WMU-Cooley Law School’s Tampa Bay campus graduates 30 new JD recipients
Graduates of WMU-Cooley Law School’s Tampa Bay campus were honored during a graduation ceremony on April 15 at the law school’s auditorium in Riverview.
Juris doctor degrees were conferred to 30 members of the law school’s Justice Joseph McKenna Class. Chosen by her peers, Jessica Sivillo presented the valedictory remarks. The keynote address was presented by Judge Jigisa Patel-Dookhoo of 18th Circuit Court in Viera.
Sivillo spoke on how meaningful moments in individuals’ lives disappear in the blink of an eye, and asked her classmates, “how did we get here today?”
“We have been waiting for graduation to come for what seems like a very long time, but it will soon be over in a few short hours,” said Sivillo. “Law school challenged us all to adapt and to grow. We made it to that big day we’ve all been waiting for. Here we are today. We did it!”
While speaking about next steps that graduates may face, Sivillo said, “one of the most important things to do right now is to take in this very moment. The phrase ‘take in this moment’ has so much meaning to this graduating class. This journey required sacrifice, dedication, and a long-term commitment. We got here with each other. We got through law school together and we will always cheer each other on.”
Sivillo also spoke about the importance of graduates taking on the next chapters of their lives.
“Let’s take the time to slow down and remember our purpose,” she said. “Be proud of the goals we have achieved and the people we have become. Let’s be grateful to the people who support us and cheer us on.”
During the keynote, Patel-Dookhoo spoke about how she felt during her graduation from WMU-Cooley’s Michigan campus.
“I recall the emotions that I felt. The first was pride. I was the first of my family to graduate with a doctorate degree,” Patel-Dookhoo said. “The second emotion was fear. Fear is an amazing thing; it can lead to two results. First, fear can cripple you – if you let fear overcome you, you may not be able to move forward. Second, fear may motivate you. Let it motivate you, because in 2009, when I graduated, I would have never guessed that I would have had a job before passing the bar, or guessed that today I would be the first Indian-American women to serve on the judicial circuit here in Florida.”
While sharing how she achieved her goals after graduation and her success and fears, Patel-Dookhoo said, “I want to inspire at least one person to see their self in a position that they had never imagined.”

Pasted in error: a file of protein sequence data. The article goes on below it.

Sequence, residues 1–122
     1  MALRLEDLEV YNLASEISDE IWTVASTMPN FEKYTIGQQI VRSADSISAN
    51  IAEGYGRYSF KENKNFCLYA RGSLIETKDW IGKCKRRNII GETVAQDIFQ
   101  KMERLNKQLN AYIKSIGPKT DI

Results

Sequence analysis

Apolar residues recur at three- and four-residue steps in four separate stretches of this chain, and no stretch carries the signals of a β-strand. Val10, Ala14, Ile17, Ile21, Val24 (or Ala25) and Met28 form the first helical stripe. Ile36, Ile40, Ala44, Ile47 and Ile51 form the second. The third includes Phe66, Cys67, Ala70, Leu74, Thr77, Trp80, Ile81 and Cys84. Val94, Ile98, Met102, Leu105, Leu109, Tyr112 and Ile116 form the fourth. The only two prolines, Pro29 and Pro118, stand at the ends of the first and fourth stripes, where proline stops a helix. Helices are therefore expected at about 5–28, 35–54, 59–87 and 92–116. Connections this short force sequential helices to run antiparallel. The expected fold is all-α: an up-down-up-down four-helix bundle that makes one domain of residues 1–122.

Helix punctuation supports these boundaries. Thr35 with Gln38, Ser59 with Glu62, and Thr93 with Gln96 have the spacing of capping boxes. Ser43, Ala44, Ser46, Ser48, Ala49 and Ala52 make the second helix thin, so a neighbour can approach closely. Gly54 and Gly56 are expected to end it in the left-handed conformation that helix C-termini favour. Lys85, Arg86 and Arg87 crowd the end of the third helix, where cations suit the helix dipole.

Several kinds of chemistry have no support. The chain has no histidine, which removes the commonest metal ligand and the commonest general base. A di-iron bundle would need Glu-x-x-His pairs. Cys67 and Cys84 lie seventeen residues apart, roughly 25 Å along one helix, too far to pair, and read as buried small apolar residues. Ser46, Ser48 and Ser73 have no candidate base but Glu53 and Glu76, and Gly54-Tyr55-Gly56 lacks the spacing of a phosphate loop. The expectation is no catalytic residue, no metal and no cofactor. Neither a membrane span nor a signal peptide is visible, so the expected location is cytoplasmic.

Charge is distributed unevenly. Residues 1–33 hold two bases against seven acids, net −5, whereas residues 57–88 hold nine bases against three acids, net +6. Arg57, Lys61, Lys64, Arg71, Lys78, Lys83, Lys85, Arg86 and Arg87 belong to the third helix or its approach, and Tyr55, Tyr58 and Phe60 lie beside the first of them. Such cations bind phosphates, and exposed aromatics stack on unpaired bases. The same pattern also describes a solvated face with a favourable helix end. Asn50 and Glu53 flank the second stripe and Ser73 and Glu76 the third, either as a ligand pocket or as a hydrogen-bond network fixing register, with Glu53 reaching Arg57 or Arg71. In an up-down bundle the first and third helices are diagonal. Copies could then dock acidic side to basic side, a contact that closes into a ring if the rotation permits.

Patel-Dookhoo also spoke about the importance of achieving goals as an attorney and using those skills to help others in the community.
“They see you and need your word of advice to pull them back into a position of a better place,” she said. “I ask you to know that you are more than capable of what you can imagine. Take risks and build your career, but at the end of the day, be happy.”
Following the presentation of diplomas, WMU-Cooley Professor Christine Church was presented with the Stanley E. Beattie Award for Excellence in Teaching. Church was chosen by the members of the graduating class for the honor.
Each WMU-Cooley Law School class is named for a distinguished member of the legal profession. The commencement ceremony for WMU-Cooley’s spring 2023 graduating class honors Justice Joseph McKenna.
As a young child, McKenna’s family moved from Philadelphia to California. At the age of 15, his father passed away. As the Civil War raged far away from California, he and his mother worked to keep their bakery afloat while McKenna studied law at the Benicia Collegiate Institute. He graduated from the law department in 1864. The following year, he was admitted to the California Bar, and within six months he was elected to the position of Solano County district attorney. In the mid-1870s, McKenna won a seat in the California legislature. In 1885, he was elected to the U.S. House of Representatives, where he won passage of legislation extending railroad land grants and improving port facilities. In 1892, President Benjamin Harrison appointed McKenna to the U.S. Ninth Circuit Court of Appeals, where he served for five years until he was nominated as attorney general by President William McKinley. A year later, McKinley nominated McKenna to fill the vacancy on the Supreme Court. He was the last justice to take a seat on the Supreme Court in the 19th century. He retired from the bench in 1925.